In coastal areas, there can be aquifers in which water of marine origin has been displaced over geological time by freshwater. Cation exchange sites in the geological matrix of such an aquifer remain saturated with sodium. If water percolating into the aquifer passes through limestone, the water attains high calcium and bicarbonate concentrations.
Calcium in the aquifer, because it is held more tightly to cation exchange sites, will exchange with sodium in a process called natural softening of groundwater. Water from such aquifers has high alkalinity but low hardness concentration (Table 1, sample C).
In many regions, saline groundwater ranging from slightly brackish to more salty than seawater is rather common (Table 1, sample D). Sources of saline groundwater include intrusion of marine water into aquifers in coastal areas, dissolution of salt deposits of marine origin by infiltrating water or water in aquifers, and aquifers containing connate (or fossil) marine water.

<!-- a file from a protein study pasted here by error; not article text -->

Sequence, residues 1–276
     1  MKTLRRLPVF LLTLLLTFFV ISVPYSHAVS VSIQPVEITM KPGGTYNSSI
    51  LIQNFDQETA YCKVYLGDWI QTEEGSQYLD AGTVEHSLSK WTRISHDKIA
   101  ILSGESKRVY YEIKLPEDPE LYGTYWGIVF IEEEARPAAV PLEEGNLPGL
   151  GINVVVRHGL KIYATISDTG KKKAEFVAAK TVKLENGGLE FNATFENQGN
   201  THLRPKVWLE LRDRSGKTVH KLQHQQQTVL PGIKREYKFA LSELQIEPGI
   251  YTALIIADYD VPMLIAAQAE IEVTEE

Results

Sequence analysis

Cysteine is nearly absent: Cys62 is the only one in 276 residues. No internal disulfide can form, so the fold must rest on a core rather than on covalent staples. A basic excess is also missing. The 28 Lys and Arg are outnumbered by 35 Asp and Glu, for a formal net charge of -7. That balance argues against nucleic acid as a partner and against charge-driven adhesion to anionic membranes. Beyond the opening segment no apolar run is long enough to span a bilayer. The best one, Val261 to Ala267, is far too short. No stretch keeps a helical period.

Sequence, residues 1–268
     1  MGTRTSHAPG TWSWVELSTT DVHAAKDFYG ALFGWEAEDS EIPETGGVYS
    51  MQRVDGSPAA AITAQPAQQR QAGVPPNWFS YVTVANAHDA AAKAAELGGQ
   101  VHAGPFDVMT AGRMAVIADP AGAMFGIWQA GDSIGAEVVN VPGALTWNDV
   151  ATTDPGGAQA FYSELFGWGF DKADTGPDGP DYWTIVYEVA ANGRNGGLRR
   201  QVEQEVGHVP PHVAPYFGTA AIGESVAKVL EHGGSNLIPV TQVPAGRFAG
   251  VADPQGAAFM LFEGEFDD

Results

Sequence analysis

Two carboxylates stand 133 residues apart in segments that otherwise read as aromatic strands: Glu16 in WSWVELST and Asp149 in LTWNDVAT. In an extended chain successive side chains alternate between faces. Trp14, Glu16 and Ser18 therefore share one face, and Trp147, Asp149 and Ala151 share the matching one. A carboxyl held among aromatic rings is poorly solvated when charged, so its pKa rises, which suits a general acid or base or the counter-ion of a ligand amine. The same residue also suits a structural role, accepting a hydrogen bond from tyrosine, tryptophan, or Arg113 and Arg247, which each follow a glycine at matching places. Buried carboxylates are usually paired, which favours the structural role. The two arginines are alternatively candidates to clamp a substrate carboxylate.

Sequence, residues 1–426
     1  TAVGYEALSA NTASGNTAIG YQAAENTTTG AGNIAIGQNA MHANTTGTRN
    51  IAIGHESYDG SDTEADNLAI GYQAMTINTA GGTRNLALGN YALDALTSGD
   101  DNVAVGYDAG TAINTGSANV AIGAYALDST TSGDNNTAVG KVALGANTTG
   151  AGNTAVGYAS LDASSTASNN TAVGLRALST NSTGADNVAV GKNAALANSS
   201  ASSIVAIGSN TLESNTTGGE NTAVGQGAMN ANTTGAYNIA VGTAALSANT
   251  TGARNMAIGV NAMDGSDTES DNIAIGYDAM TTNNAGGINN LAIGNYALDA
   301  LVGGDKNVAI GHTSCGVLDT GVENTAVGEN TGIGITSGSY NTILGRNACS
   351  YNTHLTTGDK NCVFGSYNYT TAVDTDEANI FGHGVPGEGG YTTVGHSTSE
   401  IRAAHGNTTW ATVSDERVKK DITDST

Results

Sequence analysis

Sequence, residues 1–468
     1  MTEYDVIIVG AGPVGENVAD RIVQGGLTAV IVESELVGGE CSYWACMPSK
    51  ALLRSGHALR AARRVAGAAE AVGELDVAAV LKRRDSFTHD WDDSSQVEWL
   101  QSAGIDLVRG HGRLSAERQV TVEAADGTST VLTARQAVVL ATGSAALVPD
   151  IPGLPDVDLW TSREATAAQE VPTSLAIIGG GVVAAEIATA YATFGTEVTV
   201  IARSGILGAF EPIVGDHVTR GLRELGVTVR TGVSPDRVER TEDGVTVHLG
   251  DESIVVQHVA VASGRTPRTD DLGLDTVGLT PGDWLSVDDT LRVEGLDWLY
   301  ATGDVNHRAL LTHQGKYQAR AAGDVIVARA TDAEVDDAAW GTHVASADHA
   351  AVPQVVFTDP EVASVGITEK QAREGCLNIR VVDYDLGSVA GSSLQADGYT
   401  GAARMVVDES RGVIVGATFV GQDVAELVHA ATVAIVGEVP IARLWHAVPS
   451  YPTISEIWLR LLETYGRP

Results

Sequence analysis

Saline groundwater often has different proportions of major ions than found in normal seawater. In particular, it may have lower concentrations of potassium and magnesium than would be expected in water of marine origin with the same salinity.
Groundwater low in pH and redox potential dissolves iron and manganese compounds that occur in water-bearing formations. It is not uncommon to find iron concentrations of 20 to 100 mg/L and manganese concentrations up to 20 mg/L in waters from some aquifers. Of course, if appreciable sulfate is present in waters of low redox potential, sulfide resulting from sulfate reduction can precipitate iron as iron sulfide, but the waters may have high sulfide concentration.
Other water quality issues sometimes presented by groundwater are high concentrations of phosphate, nitrate or ammonia nitrogen (although seldom in combination), discoloration by humic substances, and elevated concentrations of one or more trace elements.
In most areas, there is local knowledge about the suitability of surface water for aquatic life, but such information usually is lacking for groundwater. Those interested in using groundwater from wells for aquaculture purposes usually should have the potential source water subjected to a thorough chemical analysis.